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Is there a pattern of racist behavior in public school classrooms across America?

I’m not an alarmist, nor an expert in polling, and even though this may be a small sampling, it’s still worth considering these critical facts:

Last week, a white Florida teacher was suspended after an investigation revealed that David Swinyar used the N-word repeatedly to his 7th and 8th graders while advising his female students not to date African-American boys “because they are not worth it.”

Swinyar teaches math at Kernan Middle School in Jacksonville, Florida where 22 percent of the school ‘s students are African-American.

Here’s what Swinyar reportedly told his students last year:

“If your boyfriend says bad things to you and/or treats you wrong, that means he’s acting like a n—–,” Swinyar said. “You all should not be dating all these different African-American boys because they are not worth it.”

And in a reported separate incident, students said Swinyar made other racist remarks about African-Americans during an argument with a student.

“If my daughter was dating someone who used the ‘f’ word, I wouldn’t have any respect for that n—–,” a student recalled Swinyar saying, according to a news report.

There’s more.

Earlier this month, another white Florida middle school teacher reportedly hosted a white nationalist podcast and bragged about bringing her white supremacist beliefs into the classroom.

Dayanna Volitich, a 25-year-old social studies teacher at Crystal River Middle School, wrote her racist podcast under the alias “Tiana Dalichov” in an attempt to conceal her bigoted ideology from school administrators.

Last month, a New York City teacher, Patricia Cummings, who is white, walked on the backs of Black students as part of a slavery lesson during Black History Month. Cummings said she wanted to show Black students what slavery felt like.

Last year, a white Virginia grade-school teacher asked African-American students to pretend to be slaves and pick cotton during a history lesson while white students acted as upper class citizens.

And back in 2011, a grade-school teacher in Norfolk, Virginia went too far with her Civil War lessons by staging a mock slave auction where white students took turns buying Black students.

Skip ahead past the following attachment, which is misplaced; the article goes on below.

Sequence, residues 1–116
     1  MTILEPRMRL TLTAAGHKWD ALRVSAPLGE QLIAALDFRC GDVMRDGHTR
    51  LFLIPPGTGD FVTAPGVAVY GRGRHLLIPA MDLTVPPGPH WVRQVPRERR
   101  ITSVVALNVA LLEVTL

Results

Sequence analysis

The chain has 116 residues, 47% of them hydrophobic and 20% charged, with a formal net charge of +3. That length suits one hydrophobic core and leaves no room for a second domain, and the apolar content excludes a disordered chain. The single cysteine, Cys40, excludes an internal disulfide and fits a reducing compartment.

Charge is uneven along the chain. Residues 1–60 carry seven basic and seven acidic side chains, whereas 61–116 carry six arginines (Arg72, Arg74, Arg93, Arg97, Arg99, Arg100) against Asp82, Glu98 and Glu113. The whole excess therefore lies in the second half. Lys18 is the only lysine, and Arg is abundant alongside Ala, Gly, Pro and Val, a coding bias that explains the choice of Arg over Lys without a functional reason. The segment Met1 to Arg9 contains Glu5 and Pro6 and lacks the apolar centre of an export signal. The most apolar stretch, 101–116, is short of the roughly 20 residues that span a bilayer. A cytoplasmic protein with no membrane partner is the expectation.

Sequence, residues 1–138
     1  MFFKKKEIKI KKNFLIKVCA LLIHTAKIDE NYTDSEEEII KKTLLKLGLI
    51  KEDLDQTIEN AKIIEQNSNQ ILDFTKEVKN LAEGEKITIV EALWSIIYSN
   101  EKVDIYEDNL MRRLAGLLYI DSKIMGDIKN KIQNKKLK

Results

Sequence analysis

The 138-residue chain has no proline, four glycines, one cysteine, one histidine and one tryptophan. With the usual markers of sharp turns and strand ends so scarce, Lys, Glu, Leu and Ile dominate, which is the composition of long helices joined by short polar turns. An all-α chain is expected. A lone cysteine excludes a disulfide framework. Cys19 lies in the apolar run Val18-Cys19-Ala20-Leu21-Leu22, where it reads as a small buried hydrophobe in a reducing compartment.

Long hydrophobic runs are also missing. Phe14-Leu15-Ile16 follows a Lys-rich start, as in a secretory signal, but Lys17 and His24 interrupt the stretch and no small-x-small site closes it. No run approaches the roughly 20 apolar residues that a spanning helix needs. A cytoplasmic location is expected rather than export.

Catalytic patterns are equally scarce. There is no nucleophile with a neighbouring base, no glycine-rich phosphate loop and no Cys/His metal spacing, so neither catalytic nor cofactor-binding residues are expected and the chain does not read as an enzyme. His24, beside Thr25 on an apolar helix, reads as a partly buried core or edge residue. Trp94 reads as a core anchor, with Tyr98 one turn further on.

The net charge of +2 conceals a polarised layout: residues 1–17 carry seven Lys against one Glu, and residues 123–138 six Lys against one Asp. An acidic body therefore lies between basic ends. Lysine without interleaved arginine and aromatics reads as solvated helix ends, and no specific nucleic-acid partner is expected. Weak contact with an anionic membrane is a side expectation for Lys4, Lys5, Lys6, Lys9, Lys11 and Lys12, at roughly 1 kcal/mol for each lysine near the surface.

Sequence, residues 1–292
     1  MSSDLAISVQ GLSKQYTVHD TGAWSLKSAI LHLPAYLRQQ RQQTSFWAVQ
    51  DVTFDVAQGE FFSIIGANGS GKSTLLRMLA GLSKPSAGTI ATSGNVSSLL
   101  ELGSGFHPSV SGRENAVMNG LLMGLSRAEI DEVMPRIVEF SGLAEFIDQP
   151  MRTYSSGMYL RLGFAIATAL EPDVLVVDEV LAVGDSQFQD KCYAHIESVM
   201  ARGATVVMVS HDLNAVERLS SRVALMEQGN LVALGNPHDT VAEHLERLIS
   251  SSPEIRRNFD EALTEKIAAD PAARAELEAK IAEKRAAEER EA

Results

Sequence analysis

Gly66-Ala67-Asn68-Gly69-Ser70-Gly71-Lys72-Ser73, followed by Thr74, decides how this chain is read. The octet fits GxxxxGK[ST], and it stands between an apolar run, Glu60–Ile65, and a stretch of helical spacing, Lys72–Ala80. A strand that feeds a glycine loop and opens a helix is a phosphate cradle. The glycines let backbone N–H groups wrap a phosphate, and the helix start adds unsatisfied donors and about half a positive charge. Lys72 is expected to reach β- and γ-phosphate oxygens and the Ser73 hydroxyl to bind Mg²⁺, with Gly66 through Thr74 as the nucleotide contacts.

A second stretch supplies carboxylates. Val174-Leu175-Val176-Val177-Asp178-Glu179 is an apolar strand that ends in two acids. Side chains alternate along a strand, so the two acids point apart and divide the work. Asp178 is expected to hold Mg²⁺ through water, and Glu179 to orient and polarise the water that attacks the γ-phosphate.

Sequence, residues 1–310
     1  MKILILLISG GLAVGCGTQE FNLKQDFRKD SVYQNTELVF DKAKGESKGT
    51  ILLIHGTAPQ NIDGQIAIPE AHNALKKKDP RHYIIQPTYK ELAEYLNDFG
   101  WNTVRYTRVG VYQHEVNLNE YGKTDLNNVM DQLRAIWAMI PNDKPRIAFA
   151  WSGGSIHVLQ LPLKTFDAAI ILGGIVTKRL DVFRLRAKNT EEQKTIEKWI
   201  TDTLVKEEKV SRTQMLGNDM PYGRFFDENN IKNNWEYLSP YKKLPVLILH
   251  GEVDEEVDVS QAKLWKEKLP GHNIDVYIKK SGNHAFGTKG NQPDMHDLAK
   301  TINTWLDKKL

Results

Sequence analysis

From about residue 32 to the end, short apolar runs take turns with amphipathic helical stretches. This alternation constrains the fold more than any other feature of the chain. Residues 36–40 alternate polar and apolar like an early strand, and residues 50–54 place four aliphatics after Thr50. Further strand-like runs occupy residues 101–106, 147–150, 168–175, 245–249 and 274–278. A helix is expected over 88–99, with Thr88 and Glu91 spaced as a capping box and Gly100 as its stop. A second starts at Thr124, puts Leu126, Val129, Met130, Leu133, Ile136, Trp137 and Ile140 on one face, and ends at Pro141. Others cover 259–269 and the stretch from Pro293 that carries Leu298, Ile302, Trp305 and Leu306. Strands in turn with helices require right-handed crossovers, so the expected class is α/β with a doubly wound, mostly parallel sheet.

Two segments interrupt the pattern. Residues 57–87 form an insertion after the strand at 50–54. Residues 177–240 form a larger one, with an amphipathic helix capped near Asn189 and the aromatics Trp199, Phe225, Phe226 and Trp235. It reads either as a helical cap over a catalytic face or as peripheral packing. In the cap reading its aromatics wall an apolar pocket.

For at least the past seven years, these are real, tangible examples of white teachers, who for unknown personal reasons, foster some form of disdain for the Black students they teach. (And these are the ones we know about.)

And let me pose this question: When teachers are suspended and fired for perceived racist lessons dating back six, seven years, or more, why wouldn’t teachers today realize the racial implications and steer clear of similar exercises?

These examples, however, represent only a fraction of the bright, humble and caring white teachers – unsung heroes – who spend countless hours each week preparing Black students for the future. I know plenty of dedicated white teachers who I admire for their steadfast commitment to all their students.

But the teachers who bring their racist views into the nation’s classrooms – those who use the N-word repeatedly in front of students, those who physically abuse students in a twisted attempt to teach lessons of slavery, those who instruct white students to buy Black students in Civil War slavery exercises– have no place in any classroom in this country.

Which brings me to background checks.

The deep-rooted racism that some of these teachers harbor didn’t start when they first walked through the door of their respective schools. It started long ago and school administrators have a responsibility to conduct more thorough background checks to stop racist teachers before they poison – and abuse — their students with bigotry.

In the case of David Swinyar, here’s a teacher who used the N-word both to describe his Black students and said it directly to one of his Black students. And he went further – showing his hatred for Black males by warning female students to stay away from them.

Still, Swinyar only received a suspension.

Swinyar should be fired – immediately. This Florida school district should send a message to the state—and the nation – that it will not tolerate outright racism and total contempt for Black students and Black people.

I’ve heard some say teachers like Swinyar represent isolated incidents but how many isolated incidents does it take before someone acknowledges a pattern of racial intolerance in our schools?

What do you think?




Is Racism Invading Our Children’s Classrooms?  was originally published on